We just finished up another Black History Month. It was a time of looking into and sharing important and varied facts about our history in this country. It’s a time of celebration and pride; of family and legacy. But like every other February, especially in this age of social media, the question was once again raised: Why do we need a Black History Month?
Black History Month is necessary. It is necessary because black history is not valued or completely explored in mainstream history texts. American society norms are based on the frame of reference of the majority. The larger question is what can be done to change this? While I am sure I won’t be able to answer that question here, what I can do is share information about someone who is doing her part to save our history and share it with the masses.
Meet Olivia Dorsey. Always a history buff, she has created a project that started out with preserving her own family’s history. It developed out of spending time looking through old photos belonging to her great-great-grandmother, Carrie Stewart. Dorsey noticed as she looked through her scrapbooks that many of the photos were extremely faded or damaged. While some had names written on the back of them, many did not contain any identifiers at all. Of course, memories fade so Miss Stewart may not have been able to identify who is in the photo as well. This made Dorsey so sad because she felt she wanted to learn about this history and share it. But without knowing who these people were or their story it left her incomplete.
This led to an idea. She decided to begin a project where she would gather photos of people from the town of her ancestors, Franklin, NC, scan them to prevent further fading of the image, and then post them on a website to share this history with the world. As she gathered photos and interviewed people in the town to learn more about her history, she decided that not only should she tell the history of her family but of the whole town as well. From this, Franklin Memories: Preservation for a Lifetime was born.
Franklin, NC is a very small town located in Macon County right in the middle of a forest boasting a population of fewer than 5000 residents. Through interviews, she learned that blacks in Franklin were able to build a rather successful life in Franklin, even back in the 1800’s. She learned of a Reverend James Kennedy, a black minister, who ventured to Franklin from South Carolina, and took up the charge to educate as many black people as he could. Although he was met with hesitation by whites and blacks alike, at first, residents were eventually won over as they saw his strict teaching style develop some of the most outstanding citizens in the town.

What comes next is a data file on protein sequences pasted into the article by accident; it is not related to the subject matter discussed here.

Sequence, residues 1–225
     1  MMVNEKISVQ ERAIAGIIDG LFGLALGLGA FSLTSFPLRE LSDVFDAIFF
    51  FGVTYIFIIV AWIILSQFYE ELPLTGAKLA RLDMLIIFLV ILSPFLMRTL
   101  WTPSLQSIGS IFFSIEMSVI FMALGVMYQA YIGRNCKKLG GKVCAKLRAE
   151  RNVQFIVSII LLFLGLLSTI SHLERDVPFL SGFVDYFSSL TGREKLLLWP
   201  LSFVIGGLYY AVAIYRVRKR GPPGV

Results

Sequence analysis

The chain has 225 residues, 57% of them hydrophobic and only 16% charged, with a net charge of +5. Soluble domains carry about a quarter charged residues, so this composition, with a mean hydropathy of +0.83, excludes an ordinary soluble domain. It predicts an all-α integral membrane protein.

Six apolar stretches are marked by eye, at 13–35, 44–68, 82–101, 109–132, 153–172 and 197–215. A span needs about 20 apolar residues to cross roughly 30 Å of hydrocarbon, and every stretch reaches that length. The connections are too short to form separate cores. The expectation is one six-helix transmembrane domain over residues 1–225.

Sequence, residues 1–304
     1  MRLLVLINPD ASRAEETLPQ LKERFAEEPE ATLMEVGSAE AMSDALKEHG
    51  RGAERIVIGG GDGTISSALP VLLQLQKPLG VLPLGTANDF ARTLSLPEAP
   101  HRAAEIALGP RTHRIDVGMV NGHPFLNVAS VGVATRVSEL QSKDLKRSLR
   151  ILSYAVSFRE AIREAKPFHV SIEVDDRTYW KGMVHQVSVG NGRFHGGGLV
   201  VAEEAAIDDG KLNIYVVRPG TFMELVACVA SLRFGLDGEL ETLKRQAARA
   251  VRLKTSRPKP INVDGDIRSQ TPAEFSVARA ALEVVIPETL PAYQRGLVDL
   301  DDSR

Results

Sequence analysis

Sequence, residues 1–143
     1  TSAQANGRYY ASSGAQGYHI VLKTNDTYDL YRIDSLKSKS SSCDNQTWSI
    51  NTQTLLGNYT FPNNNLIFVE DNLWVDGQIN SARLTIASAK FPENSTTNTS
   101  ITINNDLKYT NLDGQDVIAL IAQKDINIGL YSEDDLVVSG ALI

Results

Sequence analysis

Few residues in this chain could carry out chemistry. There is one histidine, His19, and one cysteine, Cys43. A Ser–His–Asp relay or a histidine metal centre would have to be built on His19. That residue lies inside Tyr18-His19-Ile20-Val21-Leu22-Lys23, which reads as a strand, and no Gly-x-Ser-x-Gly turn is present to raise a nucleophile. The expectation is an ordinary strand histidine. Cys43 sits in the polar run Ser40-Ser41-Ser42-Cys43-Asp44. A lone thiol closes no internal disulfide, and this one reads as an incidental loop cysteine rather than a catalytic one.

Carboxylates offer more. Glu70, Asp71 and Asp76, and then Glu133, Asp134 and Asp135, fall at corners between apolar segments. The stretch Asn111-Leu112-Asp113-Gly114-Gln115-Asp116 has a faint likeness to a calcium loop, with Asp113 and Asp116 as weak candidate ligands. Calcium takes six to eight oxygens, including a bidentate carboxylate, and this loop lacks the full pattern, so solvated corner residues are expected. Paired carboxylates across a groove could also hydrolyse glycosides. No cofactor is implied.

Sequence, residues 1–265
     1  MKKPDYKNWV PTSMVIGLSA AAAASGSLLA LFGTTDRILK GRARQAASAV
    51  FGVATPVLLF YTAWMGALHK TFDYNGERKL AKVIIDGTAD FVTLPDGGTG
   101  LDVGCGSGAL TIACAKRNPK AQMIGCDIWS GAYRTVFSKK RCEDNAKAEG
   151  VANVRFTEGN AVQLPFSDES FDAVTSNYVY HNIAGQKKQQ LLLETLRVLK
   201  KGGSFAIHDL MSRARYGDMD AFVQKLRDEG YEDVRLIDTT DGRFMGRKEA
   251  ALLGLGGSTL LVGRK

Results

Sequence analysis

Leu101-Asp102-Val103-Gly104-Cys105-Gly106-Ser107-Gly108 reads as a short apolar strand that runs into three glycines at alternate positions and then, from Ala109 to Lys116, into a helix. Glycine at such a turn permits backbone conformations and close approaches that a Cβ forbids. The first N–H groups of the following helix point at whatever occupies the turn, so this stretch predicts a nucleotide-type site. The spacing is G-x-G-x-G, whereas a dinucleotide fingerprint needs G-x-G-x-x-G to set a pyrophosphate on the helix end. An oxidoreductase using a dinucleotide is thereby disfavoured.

She also learned that in 1963, three black students, Walter Scruggs, James Stewart, and Odet Thompson, asked the superintendent of the white high school if they could attend the school. From what Dorsey could find out, they were allowed to integrate. Although things were not always amicable between blacks and whites and the Ku Klux Klan was active in Franklin, there was no indication of the usual difficulties centered on integration in the 1960’s as have taken place there.
With the increased importance of the digitization of photos and other historical documents, Dorsey wants to stress how valuable doing this work is to our history. “Knowing what your family did in the past impacts us now,” she says. “Because Rev. Kennedy made sure blacks were educated way back then, I am a descendant of a line of educated family members. It’s indoctrinated in our blood line.” Dorsey goes on to say that putting names with faces allows us to have an emotional connection with them. “We can remember the struggles they went through and appreciate the life we have now,” she continues.
The excitement and joy that she derives from doing this project is enormous. She does not quite understand why some do not find it important to know and remember at least your own family history and the history of where your ancestors are from, especially as African Americans since the purveyors of slavery did all they could to detach us from our history.
“It really makes me sad when people seem disinterested. With our tragic history and the way the majority is still oppressing us, we need to talk about it and know about it,” Dorsey laments. “Not only should we as African Americans study and learn about our history, but members of other races and cultures should as well. Maybe if they understand our history they could understand why we feel the way we do today about events taking place now, such as police brutality and affirmative action.
Dorsey encourages every African American to get excited about learning and sharing our history. Although our American story is full of tragedy and obstacles, we have to look back at it with the pride in knowing we are overcoming.
Speaking with Miss Dorsey, you can hear the passion she has for preserving African American history and why it is important. She is tirelessly going to do her part to dispel the belief of the majority that our history is not important, that it does not matter and therefore, should not be discussed, examined or even mentioned. I asked her what one thing would she like our readers to know about the nature of this project and its goal. Her response? “I want all African Americans to know you are important because you matter, your ancestors matter, all of that matters. Our history matters. Let’s tell it,” she said.
To view the Franklin Memories: Preservation for a Lifetime, please go to her website, www.franklinmemories.com.